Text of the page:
Update 7/28/19. I've been investigating supplements since the 1990s. I've seen supplements come and go. Nicotinamide riboside (better known Tru Niagen) is an anti-aging supplement you've heard about. Popular supplements which contain this compound include Tru Niagen and Elysium Basis. You've heard it can reverse aging, help dementia, concussions, keep skin looking young and improve your workouts. I've read the magazine articles and studies and I've come to a conclusion: I don't believe it. But why? The science says it works, right? Does it? Here are 5 things the ads don't tell us.
Other NR Reviews
Here are other relevant reviews worth looking at:
What Is Nicotinamide Riboside
It's a molecule derived from the vitamin niacin, also known as:
- vitamin B3
- nicotinic acid
Whatever name you call it, it's a vitamin. Nicotinamide Riboside (NR) is created by combining niacin with the sugar, ribose. The company which makes NR is called ChromaDex. ChromaDex is a publicly-traded company. The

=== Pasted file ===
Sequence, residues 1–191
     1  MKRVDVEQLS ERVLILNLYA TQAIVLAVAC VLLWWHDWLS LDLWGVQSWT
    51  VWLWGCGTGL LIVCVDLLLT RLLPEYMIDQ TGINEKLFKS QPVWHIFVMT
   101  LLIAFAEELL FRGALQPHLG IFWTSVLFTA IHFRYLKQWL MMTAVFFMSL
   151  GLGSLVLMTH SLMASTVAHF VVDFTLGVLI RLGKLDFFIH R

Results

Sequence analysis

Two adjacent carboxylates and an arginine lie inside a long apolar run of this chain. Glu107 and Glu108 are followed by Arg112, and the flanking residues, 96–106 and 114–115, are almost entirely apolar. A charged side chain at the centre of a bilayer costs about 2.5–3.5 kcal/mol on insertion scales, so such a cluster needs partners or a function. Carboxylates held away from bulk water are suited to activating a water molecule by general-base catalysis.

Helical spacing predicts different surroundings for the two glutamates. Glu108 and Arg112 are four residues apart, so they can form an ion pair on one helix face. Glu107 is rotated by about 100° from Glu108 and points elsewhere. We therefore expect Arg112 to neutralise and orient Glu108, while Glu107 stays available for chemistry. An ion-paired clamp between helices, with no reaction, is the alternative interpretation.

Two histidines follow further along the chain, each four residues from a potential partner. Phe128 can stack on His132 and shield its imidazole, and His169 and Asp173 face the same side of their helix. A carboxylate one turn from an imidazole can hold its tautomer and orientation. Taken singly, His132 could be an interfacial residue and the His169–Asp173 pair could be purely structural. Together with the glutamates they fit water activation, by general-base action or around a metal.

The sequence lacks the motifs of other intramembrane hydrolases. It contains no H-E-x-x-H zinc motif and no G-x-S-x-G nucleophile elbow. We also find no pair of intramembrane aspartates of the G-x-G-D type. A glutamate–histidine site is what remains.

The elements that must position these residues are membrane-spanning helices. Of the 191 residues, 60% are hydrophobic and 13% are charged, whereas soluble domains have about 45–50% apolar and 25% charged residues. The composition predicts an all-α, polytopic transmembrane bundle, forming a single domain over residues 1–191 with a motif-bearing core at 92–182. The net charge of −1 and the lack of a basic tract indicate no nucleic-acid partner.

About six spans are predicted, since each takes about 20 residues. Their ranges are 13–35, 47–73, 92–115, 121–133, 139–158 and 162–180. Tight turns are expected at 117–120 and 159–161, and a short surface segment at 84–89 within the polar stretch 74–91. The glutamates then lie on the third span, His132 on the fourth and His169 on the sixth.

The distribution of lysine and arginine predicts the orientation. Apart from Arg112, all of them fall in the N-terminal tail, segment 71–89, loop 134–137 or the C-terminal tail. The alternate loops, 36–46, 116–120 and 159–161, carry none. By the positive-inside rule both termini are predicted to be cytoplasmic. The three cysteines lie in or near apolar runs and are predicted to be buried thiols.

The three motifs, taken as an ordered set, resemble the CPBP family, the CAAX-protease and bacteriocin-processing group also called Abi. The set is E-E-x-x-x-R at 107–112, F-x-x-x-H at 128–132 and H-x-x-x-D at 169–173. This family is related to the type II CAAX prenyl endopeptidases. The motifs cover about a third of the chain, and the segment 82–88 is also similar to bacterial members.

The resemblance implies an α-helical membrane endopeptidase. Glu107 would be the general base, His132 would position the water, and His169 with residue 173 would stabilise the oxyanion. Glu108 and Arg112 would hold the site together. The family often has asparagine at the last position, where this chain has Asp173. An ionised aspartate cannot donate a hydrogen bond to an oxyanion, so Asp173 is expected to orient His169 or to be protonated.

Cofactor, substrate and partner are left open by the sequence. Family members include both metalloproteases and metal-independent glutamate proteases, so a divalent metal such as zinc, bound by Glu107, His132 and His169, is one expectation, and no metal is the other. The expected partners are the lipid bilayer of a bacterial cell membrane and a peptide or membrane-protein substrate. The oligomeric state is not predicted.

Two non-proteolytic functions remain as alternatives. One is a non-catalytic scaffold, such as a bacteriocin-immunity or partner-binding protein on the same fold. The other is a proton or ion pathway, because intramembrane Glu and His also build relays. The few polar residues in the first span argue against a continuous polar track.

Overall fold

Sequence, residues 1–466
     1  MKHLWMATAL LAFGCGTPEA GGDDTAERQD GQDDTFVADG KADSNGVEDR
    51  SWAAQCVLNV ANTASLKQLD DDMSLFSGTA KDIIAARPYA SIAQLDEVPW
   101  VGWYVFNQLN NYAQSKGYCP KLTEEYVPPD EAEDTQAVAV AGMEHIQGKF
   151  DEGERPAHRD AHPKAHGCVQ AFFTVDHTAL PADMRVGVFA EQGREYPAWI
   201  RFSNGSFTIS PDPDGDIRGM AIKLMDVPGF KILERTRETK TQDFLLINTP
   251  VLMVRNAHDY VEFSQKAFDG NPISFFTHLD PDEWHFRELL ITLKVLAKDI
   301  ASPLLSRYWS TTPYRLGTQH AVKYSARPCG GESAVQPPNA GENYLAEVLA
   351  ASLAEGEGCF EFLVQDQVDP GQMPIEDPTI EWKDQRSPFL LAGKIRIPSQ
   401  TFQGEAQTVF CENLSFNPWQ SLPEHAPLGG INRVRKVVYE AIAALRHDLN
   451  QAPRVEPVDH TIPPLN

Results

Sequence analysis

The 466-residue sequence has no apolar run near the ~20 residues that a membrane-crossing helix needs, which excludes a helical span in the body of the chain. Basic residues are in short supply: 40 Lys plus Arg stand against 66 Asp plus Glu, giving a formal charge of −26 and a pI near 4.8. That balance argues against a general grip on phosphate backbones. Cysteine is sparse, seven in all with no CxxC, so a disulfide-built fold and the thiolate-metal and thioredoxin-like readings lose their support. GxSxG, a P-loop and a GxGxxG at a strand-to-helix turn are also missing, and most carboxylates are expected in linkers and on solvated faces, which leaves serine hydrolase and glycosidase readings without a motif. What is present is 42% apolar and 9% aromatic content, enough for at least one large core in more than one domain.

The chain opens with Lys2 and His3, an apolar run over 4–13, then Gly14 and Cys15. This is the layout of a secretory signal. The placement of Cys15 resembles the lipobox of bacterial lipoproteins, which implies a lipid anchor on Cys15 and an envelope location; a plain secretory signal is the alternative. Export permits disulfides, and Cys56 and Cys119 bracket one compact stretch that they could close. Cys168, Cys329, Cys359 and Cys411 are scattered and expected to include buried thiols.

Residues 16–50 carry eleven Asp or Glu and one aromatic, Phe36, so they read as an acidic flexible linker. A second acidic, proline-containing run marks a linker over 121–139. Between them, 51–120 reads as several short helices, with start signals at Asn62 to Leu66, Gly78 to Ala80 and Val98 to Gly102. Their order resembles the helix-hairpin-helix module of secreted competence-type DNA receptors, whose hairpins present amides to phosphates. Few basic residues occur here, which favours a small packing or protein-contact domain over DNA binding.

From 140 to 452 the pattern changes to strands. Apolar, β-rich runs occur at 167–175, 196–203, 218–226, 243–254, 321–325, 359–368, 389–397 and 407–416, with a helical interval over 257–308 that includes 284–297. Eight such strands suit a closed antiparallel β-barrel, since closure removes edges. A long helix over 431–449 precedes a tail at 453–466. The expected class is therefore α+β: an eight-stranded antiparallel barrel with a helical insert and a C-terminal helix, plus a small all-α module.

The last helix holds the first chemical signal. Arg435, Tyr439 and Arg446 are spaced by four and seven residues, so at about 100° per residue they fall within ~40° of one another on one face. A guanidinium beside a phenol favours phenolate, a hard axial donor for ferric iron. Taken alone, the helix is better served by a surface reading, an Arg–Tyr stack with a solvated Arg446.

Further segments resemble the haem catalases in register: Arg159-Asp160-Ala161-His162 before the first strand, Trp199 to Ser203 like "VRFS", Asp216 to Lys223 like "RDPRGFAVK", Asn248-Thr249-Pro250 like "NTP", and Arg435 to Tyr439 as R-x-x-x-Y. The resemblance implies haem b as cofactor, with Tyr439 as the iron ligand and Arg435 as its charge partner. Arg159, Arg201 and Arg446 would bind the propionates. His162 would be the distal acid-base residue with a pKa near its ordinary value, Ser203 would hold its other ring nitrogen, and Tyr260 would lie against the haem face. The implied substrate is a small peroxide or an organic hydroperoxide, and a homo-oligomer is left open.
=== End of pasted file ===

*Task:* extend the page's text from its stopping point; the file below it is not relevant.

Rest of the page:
the stock symbol is CDXC.
NR can be found in many supplements. Popular brands include:
The supplement Tru Niagen, is the most popular product. Most companies that use NR in their supplements get it from ChromaDex, the maker of Tru Niagen.
What Does Nicotinamide Riboside Do
NR increases levels of nicotinamide adenine dinucleotide, better known as NAD and NADH. NAD and NADH are molecules we need to help us make energy. With aging, NAD levels decrease. This can cause problems with how well our mitochondria make energy.
This, in turn, leads to cellular damage. Raising NAD levels – by taking NR supplements – is said to keep cells healthy, which in turn, is said to reverse the aging process and all sorts of other stuff.